Re-post ~ Small farms need protection to safeguard nutrients and diversity by Kate Langford in ECOS eNews

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Locavore rankings for 2017 reveal added benefits of local food

The US organisation Strolling of the Heifers has released it’s annual ‘Locavore Index’ which ranks the 50 USA states plus Puerto Rico and the District of Columbia in order of their commitment to local food. 

 

The index, which has been calculated for six years running, scores each state according to various criteria, such as the number of farmers markets per capita and how many schools are participating in the Farms to Schools program. It aims to highlight food trends and encourage people to think about and work towards sourcing more food locally.

Strolling of the Heifers point out ten reasons to consume more local food, including boosting the local economy, attracting tourism for events such as farmers markets, less waste, fresher food and the diversification of local agriculture, which has benefits for the soil and gene pool. They also point out that buying locally increases social capital in communities as consumers get to know producers, and each other, through farmers markets and consumer supported agriculture schemes.

2017 saw many US hospitals make a commitment to sourcing more food locally through the Healthy Food in Health Care program run by the organisation Health Care Without Harm. This enabled the inclusion of ‘number of hospitals serving local food’ as a ranking on the Locavore Index.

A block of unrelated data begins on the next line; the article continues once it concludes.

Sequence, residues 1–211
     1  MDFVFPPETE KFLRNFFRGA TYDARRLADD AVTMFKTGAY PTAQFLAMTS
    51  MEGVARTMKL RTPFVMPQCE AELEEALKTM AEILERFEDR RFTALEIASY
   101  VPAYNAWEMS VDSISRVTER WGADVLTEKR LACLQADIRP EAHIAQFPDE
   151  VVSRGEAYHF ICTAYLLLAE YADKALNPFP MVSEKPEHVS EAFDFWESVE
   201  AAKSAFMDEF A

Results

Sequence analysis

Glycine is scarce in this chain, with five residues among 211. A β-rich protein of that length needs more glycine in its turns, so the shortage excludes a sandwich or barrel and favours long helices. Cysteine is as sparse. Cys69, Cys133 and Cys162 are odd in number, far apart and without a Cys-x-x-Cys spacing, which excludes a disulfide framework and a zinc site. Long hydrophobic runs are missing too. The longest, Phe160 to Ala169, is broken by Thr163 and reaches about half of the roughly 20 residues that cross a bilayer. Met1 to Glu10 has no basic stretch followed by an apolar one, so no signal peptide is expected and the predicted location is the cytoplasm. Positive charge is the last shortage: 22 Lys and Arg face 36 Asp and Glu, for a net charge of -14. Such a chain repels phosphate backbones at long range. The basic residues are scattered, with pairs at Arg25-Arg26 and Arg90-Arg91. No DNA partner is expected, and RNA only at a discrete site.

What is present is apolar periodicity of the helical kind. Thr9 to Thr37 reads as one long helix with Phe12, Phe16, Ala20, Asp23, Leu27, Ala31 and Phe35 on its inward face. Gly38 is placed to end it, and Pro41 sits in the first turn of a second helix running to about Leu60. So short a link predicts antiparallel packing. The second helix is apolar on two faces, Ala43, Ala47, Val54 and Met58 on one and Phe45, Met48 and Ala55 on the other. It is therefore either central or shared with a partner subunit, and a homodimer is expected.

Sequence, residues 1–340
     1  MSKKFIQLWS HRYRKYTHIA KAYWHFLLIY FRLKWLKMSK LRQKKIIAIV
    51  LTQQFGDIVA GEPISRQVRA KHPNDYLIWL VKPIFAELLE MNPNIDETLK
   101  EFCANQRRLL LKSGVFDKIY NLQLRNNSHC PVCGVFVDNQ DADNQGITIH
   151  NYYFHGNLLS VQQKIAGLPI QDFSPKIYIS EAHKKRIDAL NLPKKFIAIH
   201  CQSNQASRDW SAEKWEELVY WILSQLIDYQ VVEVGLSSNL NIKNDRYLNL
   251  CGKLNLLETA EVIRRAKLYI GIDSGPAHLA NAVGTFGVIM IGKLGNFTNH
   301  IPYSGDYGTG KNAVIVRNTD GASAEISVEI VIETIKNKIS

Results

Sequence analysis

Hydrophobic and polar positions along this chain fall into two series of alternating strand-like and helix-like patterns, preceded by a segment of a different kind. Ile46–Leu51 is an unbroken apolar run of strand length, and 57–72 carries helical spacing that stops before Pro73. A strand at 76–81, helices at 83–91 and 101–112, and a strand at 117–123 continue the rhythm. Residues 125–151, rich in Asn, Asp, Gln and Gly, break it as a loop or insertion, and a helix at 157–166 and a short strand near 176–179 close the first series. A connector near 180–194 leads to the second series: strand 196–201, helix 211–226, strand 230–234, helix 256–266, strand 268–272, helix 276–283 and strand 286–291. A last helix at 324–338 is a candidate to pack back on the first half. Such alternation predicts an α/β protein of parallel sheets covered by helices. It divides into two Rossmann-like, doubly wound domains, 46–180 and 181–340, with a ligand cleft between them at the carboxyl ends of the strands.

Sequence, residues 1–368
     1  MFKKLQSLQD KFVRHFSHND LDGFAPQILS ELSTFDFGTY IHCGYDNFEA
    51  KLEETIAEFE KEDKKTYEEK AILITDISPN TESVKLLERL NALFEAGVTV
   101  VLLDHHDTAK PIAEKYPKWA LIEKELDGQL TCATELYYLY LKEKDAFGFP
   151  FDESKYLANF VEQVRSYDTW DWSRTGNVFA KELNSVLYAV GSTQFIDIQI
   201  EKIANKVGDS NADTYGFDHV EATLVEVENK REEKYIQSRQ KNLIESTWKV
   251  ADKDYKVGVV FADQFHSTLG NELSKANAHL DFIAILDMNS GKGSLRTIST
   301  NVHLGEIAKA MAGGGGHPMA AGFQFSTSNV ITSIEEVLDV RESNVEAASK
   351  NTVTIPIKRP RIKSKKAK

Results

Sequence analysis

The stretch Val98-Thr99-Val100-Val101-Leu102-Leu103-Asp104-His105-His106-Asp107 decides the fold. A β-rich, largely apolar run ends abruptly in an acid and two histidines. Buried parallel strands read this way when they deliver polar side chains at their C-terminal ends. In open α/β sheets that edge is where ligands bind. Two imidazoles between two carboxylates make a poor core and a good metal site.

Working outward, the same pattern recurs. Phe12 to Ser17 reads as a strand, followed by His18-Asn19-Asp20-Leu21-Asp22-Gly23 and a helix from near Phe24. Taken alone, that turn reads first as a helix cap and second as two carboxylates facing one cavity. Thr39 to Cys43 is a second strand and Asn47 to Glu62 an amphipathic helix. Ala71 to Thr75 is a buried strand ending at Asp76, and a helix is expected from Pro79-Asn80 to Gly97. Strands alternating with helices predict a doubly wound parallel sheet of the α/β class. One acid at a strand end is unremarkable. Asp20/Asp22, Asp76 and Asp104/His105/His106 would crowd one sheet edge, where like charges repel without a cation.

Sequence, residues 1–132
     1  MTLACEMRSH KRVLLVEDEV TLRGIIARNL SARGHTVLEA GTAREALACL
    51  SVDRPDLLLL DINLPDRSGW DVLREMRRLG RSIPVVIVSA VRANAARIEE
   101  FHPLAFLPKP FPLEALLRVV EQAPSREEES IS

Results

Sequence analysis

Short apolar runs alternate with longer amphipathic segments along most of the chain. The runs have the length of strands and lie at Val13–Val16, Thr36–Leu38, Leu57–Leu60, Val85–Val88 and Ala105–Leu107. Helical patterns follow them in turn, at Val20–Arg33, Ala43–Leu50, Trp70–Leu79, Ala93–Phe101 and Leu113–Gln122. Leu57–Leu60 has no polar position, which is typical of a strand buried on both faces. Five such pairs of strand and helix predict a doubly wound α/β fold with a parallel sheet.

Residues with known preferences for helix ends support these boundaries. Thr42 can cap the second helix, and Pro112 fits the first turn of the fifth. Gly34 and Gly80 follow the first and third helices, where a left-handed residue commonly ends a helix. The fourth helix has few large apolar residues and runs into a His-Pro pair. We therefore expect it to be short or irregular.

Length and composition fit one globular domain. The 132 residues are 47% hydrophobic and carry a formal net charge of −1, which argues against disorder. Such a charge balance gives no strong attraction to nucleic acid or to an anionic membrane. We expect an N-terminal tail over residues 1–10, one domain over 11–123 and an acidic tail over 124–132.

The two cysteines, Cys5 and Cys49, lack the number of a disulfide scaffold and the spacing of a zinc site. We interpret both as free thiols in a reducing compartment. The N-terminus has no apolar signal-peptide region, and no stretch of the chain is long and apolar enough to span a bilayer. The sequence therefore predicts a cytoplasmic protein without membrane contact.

This initiative demonstrates so many of the reasons why local food is better for communities: a relationship with a big buyer means more security for food producers and has even sparked the startup of new enterprises; patients’ appetites improve, which speeds up recovery time; overall health of the community improves and the hospital receives less visitors; and families who engage with the program learn to cook and have access to affordable healthy food, making the social benefits of cooking together and enjoying a family meal more likely.

 

Re-post ~ How Locavore is your state? Strolling of the Heifers 2017 Locavore Index ranks states on local food commitment

The Top 100 Solutions To Climate Change. (You’ll Never Guess What’s Number One)

Drawdown ~ a new project and book spearheaded by Paul Hawken, represents the first comprehensive attempt to rank solutions to climate change and measure their relative effectiveness. Researchers studied existing data on solutions which are already in use and proven to reduce global warming, in order to help normal people understand what they can do to combat climate change and how much effect it might have.

Hawken and his team were surprised by some of the results and pleased to be able to highlight such a diverse array of solutions. In addition to the oft-touted wind and solar solutions the team discovered that factors such as educating girls (#6) and reducing food waste (#3) were high up on the list.

And number one? Refrigerant management! When was the last time you heard about that on the news?